For example, one reminder message said, “Your health is in your hands. Take your medication and remember to respond by SMS or a missed call.” Messages were sent in Urdu using English script. (Based on feedback from an initial pilot, TB was not explicitly mentioned in the messages due to stigma.) Participants were offered PKR 60 (US$0.60) per month to cover the cost of responding.
Messages were sent every day throughout the full duration of patients’ treatment. If a patient did not reply, additional reminders were sent, and the research team would follow up to confirm that the messages were being received.
Researchers conducted an initial survey, monthly surveys during the intervention, and a final survey of all participants. The evaluation began in March 2011 and enrollment continued on a rolling basis until February 2014. Final surveys were completed in November 2014. Survey questions covered self-reported medication adherence, treatment outcomes, and self-reported psychological and physical health.
Results and policy lessons
Results indicate that SMS reminders had no impact on treatment success. Variables like gender, quality of care, and access to a mobile phone did not affect outcomes.
Response rates: The system was successfully implemented 79 percent of the time. Missed days were largely due to system failures, administrative shortfalls, or network outages.
Of participants who were sent messages, 85 percent responded at least once. Over the course of treatment, average response rates fell from 48 percent in the first two weeks to 20-24 percent in the last two weeks.
Prevalence of Tuberculosis: There were no significant differences in clinic-reported treatment outcomes between participants in the Zindagi SMS group and the comparison group.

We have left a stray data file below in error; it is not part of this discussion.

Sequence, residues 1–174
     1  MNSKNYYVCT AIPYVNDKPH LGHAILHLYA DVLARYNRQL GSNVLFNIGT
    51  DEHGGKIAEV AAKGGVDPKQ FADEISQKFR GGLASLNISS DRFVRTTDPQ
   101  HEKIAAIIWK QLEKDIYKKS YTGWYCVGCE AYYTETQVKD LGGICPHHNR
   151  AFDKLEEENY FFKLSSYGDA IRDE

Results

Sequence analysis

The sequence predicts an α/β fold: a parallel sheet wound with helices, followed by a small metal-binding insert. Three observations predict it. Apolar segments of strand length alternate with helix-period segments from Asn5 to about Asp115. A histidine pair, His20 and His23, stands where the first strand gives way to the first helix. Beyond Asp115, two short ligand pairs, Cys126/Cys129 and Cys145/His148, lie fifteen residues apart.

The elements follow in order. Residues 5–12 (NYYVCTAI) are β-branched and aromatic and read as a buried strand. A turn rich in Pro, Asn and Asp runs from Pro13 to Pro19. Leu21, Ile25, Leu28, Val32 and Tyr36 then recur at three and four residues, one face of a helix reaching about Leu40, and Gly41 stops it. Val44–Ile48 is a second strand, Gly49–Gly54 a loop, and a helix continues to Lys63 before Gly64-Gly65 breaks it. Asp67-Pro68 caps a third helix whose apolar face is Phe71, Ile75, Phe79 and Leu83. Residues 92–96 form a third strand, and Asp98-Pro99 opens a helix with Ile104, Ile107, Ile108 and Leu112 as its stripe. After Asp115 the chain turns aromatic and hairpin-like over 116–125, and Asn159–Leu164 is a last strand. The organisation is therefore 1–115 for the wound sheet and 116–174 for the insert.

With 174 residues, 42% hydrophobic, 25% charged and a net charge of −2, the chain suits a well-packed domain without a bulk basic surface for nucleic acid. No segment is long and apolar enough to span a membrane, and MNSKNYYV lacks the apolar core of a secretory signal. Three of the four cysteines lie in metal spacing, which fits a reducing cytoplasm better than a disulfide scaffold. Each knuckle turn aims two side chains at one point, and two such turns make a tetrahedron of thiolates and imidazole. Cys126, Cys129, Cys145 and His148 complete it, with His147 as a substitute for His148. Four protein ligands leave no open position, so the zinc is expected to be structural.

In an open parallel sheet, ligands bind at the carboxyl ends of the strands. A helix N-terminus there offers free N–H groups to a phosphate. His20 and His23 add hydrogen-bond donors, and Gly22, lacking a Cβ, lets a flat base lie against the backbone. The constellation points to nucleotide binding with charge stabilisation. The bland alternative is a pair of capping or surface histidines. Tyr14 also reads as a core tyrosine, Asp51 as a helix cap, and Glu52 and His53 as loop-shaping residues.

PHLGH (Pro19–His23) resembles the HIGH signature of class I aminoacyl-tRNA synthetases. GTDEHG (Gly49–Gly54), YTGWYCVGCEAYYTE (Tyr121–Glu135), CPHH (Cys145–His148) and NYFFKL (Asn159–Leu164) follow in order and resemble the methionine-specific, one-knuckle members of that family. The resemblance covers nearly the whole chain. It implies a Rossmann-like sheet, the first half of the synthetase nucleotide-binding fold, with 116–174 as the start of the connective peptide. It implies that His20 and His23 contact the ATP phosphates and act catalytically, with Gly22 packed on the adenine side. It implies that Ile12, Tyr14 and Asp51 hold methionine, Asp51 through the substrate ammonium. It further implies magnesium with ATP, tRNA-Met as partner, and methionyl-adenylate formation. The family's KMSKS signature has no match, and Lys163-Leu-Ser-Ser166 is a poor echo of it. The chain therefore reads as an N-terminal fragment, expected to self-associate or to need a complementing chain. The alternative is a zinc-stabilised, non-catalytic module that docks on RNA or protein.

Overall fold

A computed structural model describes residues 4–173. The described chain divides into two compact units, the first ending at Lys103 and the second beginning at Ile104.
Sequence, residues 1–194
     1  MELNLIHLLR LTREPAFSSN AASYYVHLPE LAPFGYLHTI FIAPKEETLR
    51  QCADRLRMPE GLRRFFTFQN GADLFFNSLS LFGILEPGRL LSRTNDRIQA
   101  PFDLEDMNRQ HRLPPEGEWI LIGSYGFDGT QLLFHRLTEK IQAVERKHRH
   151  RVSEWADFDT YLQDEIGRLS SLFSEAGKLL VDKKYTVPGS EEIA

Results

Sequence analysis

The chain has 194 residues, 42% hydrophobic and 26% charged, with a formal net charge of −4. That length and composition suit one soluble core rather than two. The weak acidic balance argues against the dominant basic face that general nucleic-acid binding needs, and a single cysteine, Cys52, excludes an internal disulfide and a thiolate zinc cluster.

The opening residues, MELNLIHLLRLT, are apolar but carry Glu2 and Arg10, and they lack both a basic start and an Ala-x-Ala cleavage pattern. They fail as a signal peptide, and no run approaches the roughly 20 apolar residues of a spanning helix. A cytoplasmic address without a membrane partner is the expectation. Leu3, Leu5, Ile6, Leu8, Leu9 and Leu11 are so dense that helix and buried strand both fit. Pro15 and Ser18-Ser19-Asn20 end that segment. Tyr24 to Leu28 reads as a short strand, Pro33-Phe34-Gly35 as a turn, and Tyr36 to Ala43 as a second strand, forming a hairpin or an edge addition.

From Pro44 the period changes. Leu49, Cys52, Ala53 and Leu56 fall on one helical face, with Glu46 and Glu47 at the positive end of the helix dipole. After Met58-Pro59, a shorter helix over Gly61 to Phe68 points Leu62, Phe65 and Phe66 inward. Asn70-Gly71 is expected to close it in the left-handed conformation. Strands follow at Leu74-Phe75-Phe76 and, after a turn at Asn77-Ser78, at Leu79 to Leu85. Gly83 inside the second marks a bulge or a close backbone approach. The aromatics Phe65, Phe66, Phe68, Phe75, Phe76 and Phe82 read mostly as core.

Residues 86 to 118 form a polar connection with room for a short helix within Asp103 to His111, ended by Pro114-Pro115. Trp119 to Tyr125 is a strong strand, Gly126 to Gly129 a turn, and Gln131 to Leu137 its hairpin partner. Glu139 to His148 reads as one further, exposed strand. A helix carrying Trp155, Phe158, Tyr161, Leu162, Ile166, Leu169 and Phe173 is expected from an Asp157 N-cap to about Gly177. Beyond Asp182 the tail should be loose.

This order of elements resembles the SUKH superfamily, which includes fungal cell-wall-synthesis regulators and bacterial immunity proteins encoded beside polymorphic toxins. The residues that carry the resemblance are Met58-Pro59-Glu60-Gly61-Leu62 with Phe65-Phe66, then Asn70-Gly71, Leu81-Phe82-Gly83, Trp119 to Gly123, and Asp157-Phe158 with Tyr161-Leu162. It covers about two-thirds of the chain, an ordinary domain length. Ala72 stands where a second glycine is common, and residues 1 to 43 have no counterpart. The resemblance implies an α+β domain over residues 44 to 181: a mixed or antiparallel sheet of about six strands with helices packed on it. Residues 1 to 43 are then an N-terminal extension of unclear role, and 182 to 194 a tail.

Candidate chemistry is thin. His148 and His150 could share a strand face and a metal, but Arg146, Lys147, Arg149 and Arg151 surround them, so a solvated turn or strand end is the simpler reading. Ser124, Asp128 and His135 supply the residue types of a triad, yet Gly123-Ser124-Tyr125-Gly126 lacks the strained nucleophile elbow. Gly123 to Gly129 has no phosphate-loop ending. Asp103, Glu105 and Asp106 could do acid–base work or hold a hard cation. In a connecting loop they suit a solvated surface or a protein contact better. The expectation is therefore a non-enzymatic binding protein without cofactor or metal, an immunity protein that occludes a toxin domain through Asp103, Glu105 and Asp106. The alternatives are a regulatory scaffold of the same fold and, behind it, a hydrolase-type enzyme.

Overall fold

In addition, researchers collected 1,001 sputum samples from patients (499 from the SMS group and 502 from the comparison group) and tested for the presence of tuberculosis bacteria; there was no difference in sputum results between the two groups.
There were also no significant differences in self-reported medication adherence or psychological and physical health.
Researchers hypothesized that the SMS reminders, intended to combat forgetfulness, did not sufficiently address underlying factors that contribute to patients leaving treatment. Researchers noted that their null results were similar to findings of other recent studies that suggest frequent reminders are ineffective, possibly because it is difficult to pay attention to very frequent messages.8
It is possible that longer intervals between messages, greater off-site support for remote patients, or coupling SMS messages with financial incentives may better motivate patients to complete treatment successfully.
Use of results
Based on these results, IRD decided not to scale up the program. Instead, they are testing SMS reminders to patients of specific dates on the immunization schedule (which are infrequent and irregular and thus harder to remember), and linking reminders to incentives to complete treatment.